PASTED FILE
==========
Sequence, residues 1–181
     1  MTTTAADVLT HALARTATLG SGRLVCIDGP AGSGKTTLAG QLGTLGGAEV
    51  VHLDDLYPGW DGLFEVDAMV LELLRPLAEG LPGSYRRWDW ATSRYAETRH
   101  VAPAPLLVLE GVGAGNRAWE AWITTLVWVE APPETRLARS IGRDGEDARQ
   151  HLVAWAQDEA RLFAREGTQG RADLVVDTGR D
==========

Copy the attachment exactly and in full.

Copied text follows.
Sequence, residues 1–181
     1  MTTTAADVLT HALARTATLG SGRLVCIDGP AGSGKTTLAG QLGTLGGAEV
    51  VHLDDLYPGW DGLFEVDAMV LELLRPLAEG LPGSYRRWDW ATSRYAETRH
   101  VAPAPLLVLE GVGAGNRAWE AWITTLVWVE APPETRLARS IGRDGEDARQ
   151  HLVAWAQDEA RLFAREGTQG RADLVVDTGR D